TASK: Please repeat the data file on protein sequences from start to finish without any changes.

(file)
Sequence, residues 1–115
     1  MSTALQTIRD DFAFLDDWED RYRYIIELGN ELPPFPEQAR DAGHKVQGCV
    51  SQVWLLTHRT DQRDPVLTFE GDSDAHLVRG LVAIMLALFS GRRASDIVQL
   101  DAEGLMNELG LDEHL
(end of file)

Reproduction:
Sequence, residues 1–115
     1  MSTALQTIRD DFAFLDDWED RYRYIIELGN ELPPFPEQAR DAGHKVQGCV
    51  SQVWLLTHRT DQRDPVLTFE GDSDAHLVRG LVAIMLALFS GRRASDIVQL
   101  DAEGLMNELG LDEHL